Aljazeera Center for Studies (AJCS) and the Berlin-Based Dialogue of Civilizations Research Institute (DOC), in partnership with the LBH Foundation, are holding the second international symposium “Reshaping Civilizational Dialogue: Bridging Discourses” of the Tunis Process in Rhodes, Greece 13 October 2019. The objective of the new conference is to help create a meaningful dialogue on the following issues and to develop initiatives that will address: 1) acknowledging the grievances of the past, fear of one another, and perceived threats; 2) deconstructing stereotypes; 3) mitigating frustrations; 4) determining what needs to be done to rebuild and build trust; and 5) how to create new solidarities and forge a common vision.
Panelists from several Arab and European countries will focus on three angles, which are informed by perspectives from the European, Arab, Russian, and Central Asian experiences:
What we want to achieve (ex: altering dominant discourses, building trust, inventing new solidarities, etc.)
Who will implement initiatives that address the above issues (ex. grassroots organisations, local government, international institutions, the corporate sector, influencers?)
How can sound policies, education, knowledge production and sharing, youth exchanges, etc. be implemented? And how can initiatives create a conducive environment for healing and building shared paths?
The Rhodes symposium is the second of a three-event series of conferences and focus groups of the Tunis Process, with the aim of opening up a space for co-creation, in order to identify differences to overcome and find possible paths to be shared between Muslims and non-Muslims. The process is inspired by the will to act and to find solutions rather than establish or reinforce dogmas, covering various perspectives of the Muslim and the Western worlds in a multidisciplinary manner, with a spirit of openness and the willingness to understand one another. It is a completely independent initiative that does not comply with the injunctions or the agendas of any organisation’s specific interests.
The first symposium “Islam and Europe: Overcoming Differences, Sharing Paths” was organized in Tunis, 28-29 June 2019. A total of 39 participants took part in the two-day closed event, coming from countries including Tunisia, Algeria, Morocco, Qatar, Jordan France, Germany, the United Kingdom, and the United States. In order to cover a wide range of perspectives, participants from a variety of backgrounds were invited – former government officials, civil society representatives, academics, media, and influencers gathered for the inaugural event of the Tunis Process, contributing to the public debate on the relationship between Islam and Europe.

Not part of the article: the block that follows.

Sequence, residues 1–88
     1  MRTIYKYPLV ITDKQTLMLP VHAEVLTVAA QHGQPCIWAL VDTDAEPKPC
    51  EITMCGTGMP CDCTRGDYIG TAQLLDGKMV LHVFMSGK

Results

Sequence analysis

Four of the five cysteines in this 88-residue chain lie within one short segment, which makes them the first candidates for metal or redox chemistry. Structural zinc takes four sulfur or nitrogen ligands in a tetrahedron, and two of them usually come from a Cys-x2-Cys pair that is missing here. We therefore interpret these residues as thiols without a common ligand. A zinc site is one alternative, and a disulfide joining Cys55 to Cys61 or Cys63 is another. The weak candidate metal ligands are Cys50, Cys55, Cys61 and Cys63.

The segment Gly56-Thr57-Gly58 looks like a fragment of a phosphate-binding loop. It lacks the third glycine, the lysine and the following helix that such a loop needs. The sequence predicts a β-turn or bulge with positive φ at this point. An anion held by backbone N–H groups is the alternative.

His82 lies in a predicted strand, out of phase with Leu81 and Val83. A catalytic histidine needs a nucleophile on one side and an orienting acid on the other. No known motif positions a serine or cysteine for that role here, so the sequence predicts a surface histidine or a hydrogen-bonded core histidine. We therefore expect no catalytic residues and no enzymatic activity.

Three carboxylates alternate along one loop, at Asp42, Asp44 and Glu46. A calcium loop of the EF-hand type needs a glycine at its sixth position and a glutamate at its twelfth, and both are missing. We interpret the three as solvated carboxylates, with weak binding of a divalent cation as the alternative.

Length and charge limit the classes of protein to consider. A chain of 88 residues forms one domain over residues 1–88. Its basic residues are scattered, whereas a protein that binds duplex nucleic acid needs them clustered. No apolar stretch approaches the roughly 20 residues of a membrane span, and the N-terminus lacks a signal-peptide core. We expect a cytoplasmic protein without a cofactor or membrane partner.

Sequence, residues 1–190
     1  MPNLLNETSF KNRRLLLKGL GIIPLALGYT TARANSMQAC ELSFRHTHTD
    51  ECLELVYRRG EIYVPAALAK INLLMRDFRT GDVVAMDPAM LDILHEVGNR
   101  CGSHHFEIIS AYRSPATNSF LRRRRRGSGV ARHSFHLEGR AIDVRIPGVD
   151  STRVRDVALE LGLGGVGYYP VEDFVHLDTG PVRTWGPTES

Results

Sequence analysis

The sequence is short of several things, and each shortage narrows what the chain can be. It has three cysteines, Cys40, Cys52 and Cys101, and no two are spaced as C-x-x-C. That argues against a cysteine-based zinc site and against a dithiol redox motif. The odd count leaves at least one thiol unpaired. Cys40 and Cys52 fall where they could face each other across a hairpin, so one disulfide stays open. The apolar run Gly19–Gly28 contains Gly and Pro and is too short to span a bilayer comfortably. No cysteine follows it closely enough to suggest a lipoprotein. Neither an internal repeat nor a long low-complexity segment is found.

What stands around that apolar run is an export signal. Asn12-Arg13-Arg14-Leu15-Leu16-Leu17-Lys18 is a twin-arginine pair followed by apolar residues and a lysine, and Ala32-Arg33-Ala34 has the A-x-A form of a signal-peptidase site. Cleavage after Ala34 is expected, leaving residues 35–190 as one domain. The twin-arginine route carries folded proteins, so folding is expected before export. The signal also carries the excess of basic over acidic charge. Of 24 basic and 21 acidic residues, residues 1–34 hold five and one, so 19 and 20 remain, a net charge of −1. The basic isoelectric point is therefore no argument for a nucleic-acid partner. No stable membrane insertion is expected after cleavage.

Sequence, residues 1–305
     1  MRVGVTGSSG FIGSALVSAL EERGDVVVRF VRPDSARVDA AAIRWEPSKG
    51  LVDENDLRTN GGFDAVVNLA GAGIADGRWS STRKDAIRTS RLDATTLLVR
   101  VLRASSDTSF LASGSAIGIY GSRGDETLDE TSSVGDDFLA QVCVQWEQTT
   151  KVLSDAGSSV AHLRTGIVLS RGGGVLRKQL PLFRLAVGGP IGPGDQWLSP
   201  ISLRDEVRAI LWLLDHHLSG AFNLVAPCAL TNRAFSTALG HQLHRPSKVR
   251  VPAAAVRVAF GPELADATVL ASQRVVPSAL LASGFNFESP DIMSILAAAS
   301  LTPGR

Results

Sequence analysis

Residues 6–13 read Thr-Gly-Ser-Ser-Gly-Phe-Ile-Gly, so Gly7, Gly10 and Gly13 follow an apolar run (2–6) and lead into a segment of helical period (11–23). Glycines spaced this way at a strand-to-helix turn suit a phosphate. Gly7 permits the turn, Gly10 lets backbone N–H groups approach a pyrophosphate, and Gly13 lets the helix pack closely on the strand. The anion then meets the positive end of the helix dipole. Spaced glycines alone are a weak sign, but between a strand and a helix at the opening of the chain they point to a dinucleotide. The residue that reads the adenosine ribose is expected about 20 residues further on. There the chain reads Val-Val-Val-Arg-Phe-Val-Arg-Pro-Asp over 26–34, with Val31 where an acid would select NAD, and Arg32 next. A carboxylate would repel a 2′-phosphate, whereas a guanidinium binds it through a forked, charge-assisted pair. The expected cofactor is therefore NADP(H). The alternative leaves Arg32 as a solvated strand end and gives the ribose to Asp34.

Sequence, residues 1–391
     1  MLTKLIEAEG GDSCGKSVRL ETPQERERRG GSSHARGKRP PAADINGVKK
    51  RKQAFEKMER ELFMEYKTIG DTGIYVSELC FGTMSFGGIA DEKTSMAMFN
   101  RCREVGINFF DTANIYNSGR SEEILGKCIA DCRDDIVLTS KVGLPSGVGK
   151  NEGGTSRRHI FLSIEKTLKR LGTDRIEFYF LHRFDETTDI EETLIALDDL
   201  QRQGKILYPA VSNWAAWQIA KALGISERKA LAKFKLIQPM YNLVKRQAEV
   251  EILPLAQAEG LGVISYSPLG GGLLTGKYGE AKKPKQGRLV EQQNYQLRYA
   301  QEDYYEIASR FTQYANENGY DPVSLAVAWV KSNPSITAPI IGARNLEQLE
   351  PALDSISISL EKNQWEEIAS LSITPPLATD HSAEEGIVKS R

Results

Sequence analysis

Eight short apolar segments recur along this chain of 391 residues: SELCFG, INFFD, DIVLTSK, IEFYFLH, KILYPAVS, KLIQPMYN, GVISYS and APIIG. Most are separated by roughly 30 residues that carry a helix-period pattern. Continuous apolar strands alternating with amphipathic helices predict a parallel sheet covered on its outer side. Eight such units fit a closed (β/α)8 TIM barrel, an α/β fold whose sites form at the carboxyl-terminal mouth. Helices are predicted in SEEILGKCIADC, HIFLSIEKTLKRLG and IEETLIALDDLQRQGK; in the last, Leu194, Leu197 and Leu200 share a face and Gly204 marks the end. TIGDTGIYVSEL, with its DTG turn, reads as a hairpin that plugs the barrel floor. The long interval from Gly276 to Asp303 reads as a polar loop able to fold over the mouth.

The outcomes from the symposium in Tunis led the organisers to develop the Rhodes event based on the idea the after acknowledging the ‘wounds of the past’ (colonialism, etc.), we must move forward in bridging discourses and developing initiatives that help us to move away from long-held prejudices, fears, and misconceptions. Many dominant narratives in both Muslim-majority countries and in Europe are widening the gap between communities, and continue to hinder the co-creation of a common future. Dismantling misperceptions exacerbated by xenophobia, ideological extremism, and exclusion of the ‘other’ and creating inclusive paths need be at the core of initiatives, from the grassroots level to international policy. Only then can concrete initiatives that will have meaningful and lasting impacts be developed.
The symposium in Tunis showed how religious and ideological tensions and the need to forge common paths between Muslims and non-Muslims are not limited to Europe and Arab Muslim countries. The dynamics between Russia and Central Asia show many similarities between Europe and North Africa and the Levant for instance. For this reason, panelists will also address the topic from the Russian and Central Asian perspectives. Europe and Russia are often seen as two separate ‘poles’ in the world order, however they both are dealing with the challenges of integrating Muslim populations and reconciling relations with their Muslim neighbours to the south. This double perspective on Muslim and non-Muslim relations is what makes the Tunis Process symposium at Rhodes unique and will offer creative solutions that are more widely applicable.
The importance of active grassroots civil society organisations is imperative in all regions when it comes to interfaith dialogue because of their direct engagement with stakeholder populations. While government policies can contribute to change, oftentimes it is at the micro level where the strongest impact can occur. The involvement of youth in this project is also critical, as their willingness and desire to reconcile differences and move forward can be stronger than with older generations.
|Some of the participants at the Tunis Conference (June 28-29, 2019) [Al Jazeera]|